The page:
High surf caused by a hurricane hundreds of miles away led to flooding in Seal Beach Wednesday after water broke through defense barriers.
Walls of sand meant to stop rushing water, or berms, were unable to prevent flooding that began around 11 p.m.Tuesday night.
Water flooded the first floor and garages of several homes and was at least a feet high in some areas.
"Waves come up, carry all the sand, the trash cans from the beach and everything else," homeowner Frank Champion said. "Everyone's garages are flooded, half the houses here, it upped the top of the foundation."
Hurricane Marie near Cabo San Lucas, Mexico, caused high surf advisories for Los Angeles, Ventura, Santa Barbara and Orange County beaches, from Tuesday through 6 p.m. Friday, according to the National Weather Service.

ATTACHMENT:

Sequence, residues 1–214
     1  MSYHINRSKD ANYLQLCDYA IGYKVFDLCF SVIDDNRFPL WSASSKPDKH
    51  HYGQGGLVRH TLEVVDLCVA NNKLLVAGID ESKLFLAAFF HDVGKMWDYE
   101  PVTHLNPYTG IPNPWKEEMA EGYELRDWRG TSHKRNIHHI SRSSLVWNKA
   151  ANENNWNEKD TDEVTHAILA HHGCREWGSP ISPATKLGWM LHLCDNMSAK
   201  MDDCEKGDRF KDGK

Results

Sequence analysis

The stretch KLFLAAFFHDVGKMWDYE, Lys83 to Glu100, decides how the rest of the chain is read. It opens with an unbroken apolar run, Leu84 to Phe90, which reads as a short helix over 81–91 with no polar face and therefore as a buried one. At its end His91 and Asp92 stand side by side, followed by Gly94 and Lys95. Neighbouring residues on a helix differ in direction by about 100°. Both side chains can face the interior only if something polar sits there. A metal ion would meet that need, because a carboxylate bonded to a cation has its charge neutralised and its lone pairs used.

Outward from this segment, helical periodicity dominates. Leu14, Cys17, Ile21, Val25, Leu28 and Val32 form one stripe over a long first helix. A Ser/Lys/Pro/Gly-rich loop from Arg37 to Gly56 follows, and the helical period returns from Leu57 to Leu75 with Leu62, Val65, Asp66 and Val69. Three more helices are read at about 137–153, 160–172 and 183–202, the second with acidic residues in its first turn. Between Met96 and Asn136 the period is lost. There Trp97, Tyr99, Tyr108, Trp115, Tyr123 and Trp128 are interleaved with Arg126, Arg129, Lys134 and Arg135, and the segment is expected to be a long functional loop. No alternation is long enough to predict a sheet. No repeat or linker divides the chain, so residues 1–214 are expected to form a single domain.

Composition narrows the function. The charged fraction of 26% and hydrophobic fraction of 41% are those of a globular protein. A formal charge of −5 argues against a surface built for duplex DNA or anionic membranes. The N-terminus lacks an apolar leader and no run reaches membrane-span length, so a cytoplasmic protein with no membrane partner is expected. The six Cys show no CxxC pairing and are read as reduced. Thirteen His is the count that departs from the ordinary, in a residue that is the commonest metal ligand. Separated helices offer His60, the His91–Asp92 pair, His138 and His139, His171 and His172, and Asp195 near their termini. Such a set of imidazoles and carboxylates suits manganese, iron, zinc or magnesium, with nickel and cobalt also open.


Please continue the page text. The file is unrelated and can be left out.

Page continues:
“It ended up being worse than the forecast, [which] showed 7- to 8-foot waves,” Capt. Steve Concialdi, of the Orange County Fire Authority, said Wednesday. “The waves last night, per the lifeguards, were 12 to 14 feet. They were coming at such a quick pace, with such energy and force that there was nothing that was going to stop them.”
Members of the Fire Authority assisted the city of Seal Beach with placing sand bags in front of residents' homes in preparation for the next high tide, Battalion Chief Marc Stone said.
Champion tried to keep the flooding in perspective.
"We're lucky to live in Seal Beach. It's a beautiful place to live," he said, surveying the damage. "Every once in a while, Mother Nature keeps us honest."
KTLA's John A. Moreno contributed to this report.